Wednesday , December 12 2018 Ausdroid » Hardware » Mobiles » Ausdroid’s Best of 2016 — Smartphones

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As we approach the end of the year, we look back over the year that was. We’ve seen some great phones this year, and we’ve seen some real stinkers. We’ve even had a phone that started as one and turned into the other. As we’re not expecting any major product announcements between now and the new year, it’s time to look at what’s come out this year and work out what’s been the best in a number of categories, but before we start down that path, it’s worth making one note.

This year, we won’t be talking about a best tablet, because the Android tablet market really hasn’t moved a lot this year. In fact, there’s barely even been an Android tablet market in 2016. Google’s Pixel C was released in Australia early in 2016, and while our review was positive, there really hasn’t been anything released since as a tablet that’s really made us sit up and take notice. Rather, we’ve seen the increasing quality and quantity of convertible devices like the Pixel C; devices which are essentially tablets, but which readily become laptops with the addition of a keyboard. This market is still growing, though, and I think next year we’ll see a lot more of them.

So, without further ado, here’s Ausdroid’s best smartphone of 2016. We’ll be doing “Best Of” in other categories too, coming soon.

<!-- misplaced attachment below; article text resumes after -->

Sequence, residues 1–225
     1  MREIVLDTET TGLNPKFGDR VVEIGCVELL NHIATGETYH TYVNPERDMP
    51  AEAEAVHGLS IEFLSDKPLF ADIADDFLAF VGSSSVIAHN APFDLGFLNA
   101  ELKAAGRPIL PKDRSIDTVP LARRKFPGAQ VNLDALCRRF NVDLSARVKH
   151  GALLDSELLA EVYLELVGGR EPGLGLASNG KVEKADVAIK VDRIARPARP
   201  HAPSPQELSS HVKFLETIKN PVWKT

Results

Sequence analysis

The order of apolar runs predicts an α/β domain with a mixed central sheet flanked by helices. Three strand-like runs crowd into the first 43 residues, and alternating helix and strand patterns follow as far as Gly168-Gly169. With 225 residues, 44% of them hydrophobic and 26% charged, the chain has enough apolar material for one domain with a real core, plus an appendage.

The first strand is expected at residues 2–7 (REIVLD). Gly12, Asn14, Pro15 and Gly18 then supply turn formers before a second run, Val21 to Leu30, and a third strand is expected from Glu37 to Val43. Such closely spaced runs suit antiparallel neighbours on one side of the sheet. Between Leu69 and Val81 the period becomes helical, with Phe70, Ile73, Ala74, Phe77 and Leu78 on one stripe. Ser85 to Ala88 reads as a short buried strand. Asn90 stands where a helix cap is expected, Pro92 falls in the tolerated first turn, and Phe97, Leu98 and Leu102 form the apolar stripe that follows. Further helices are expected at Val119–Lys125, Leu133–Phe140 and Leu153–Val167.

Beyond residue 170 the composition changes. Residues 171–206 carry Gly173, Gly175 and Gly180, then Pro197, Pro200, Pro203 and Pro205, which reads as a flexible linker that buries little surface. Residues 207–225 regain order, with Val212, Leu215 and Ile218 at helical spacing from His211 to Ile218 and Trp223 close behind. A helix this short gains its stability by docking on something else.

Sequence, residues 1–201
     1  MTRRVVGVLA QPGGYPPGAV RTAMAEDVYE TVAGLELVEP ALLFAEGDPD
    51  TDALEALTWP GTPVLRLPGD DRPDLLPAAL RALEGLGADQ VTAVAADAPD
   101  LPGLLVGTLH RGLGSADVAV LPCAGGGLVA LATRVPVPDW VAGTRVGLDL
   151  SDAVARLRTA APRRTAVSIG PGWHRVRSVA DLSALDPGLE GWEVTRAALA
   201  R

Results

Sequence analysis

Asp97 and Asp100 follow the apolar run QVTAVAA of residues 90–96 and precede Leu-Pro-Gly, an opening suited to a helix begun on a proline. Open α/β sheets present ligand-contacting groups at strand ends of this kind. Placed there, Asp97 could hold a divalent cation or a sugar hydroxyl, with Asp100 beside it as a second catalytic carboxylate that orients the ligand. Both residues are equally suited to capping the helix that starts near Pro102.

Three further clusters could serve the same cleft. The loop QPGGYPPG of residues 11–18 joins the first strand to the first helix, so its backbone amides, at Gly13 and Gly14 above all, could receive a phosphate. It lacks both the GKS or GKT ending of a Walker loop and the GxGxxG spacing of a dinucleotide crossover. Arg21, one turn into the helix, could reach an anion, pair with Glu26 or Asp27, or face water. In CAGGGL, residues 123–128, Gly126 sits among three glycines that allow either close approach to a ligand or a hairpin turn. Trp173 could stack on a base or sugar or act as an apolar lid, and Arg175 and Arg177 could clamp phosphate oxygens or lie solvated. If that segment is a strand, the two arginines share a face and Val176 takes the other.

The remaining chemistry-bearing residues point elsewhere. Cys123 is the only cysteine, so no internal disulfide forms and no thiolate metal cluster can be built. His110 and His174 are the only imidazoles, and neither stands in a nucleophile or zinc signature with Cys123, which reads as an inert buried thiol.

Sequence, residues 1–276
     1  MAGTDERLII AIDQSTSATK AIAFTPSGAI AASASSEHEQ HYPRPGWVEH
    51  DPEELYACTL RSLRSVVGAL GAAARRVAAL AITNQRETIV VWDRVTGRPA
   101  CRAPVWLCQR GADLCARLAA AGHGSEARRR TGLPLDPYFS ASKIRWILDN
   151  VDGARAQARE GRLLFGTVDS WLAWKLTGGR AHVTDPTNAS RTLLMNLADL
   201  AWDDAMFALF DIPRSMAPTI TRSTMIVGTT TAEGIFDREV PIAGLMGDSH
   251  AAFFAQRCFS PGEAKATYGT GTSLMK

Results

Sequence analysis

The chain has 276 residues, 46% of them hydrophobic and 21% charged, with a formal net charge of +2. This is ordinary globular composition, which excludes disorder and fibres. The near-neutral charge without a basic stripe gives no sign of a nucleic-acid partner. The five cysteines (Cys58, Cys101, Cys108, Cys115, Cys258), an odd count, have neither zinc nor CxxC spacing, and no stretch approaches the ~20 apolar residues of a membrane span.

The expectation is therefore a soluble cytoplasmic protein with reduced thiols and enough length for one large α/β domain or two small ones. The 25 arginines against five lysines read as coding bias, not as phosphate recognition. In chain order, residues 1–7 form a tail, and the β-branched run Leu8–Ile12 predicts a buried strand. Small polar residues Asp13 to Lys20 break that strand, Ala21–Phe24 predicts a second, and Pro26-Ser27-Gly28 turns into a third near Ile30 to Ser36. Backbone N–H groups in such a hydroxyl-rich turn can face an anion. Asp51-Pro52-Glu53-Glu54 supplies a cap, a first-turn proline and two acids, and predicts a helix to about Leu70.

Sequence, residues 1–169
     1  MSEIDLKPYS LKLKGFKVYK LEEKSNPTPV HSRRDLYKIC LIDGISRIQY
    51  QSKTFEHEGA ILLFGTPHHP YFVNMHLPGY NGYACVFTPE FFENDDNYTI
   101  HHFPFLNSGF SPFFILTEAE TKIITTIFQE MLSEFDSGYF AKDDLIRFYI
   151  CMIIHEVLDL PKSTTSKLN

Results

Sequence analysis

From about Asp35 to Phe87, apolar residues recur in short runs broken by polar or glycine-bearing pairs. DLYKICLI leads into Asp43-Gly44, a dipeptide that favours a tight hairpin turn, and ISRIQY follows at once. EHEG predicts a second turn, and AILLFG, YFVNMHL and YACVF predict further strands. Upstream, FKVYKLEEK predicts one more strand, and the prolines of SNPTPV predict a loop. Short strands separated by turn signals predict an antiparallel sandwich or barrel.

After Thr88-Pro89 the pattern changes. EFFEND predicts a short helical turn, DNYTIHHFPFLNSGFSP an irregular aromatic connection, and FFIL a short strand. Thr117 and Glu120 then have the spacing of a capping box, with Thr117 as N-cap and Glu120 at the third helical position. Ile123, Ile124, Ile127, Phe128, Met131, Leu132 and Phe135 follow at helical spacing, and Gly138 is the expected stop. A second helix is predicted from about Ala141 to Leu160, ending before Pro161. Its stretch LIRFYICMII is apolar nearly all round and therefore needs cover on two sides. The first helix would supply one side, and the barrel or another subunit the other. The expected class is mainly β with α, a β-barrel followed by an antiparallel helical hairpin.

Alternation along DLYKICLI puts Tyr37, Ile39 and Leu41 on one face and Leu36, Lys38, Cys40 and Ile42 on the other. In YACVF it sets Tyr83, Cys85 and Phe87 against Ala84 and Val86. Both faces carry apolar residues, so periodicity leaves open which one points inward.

Ausdroid’s Best Smartphones of 2016

pixel-pic

There probably shouldn’t be much surprise in this, but we all basically agree — Google’s Pixel is probably the best phone we’ve seen this year. The hardware is superb, the software sublime, and the execution wonderful. Probably the only criticism we can agree on is that the design is a little bland, but this is a phone where design really doesn’t matter so much as what it can do, and how well it does it.

At Ausdroid, we use a lot of phones, probably more than fifty a year between us, and we get a good feel for what’s good, and what isn’t.

The year started strong, with two very capable top-shelf handsets coming out of Mobile World Congress — Samsung’s Galaxy S7 and LG’s G5. However, the LG G5 was far from a commercial success, with its technical capability overlooked because of its janky module system and somewhat less polished construction.

Samsung’s Galaxy S7 was undoubtedly the commercial success of the year, and found renewed success in the latter half of the year after the Note 7 fiasco, when Samsung was suddenly left without its second flagship release of the year, and a renewed focus on advertising and marketing the Galaxy S7 kicked off.

But it was the Pixel, with the latest Android software, and extremely powerful hardware, that took the crown for the best smartphone of 2016.

It’s worth a brief mention of Samsung’s Note 7 here. This was, without doubt, a contender for best phone of the year, even with the Pixel on the market. However, with its well publicised issues, the Note 7 simply cannot be considered; the best phone of the year cannot be one with faulty batteries that cause fire hazards. Had it not been for this, the Note 7 may well have won.

Best runner-up phones

However, the Pixel suffers from one major let-down. It has a very steep asking price, and it’s beyond the realm of affordability for many. At this end of the year, some of the phones from earlier in the year have dropped in price quite significantly, and this means there’s some excellent phones at excellent pricing.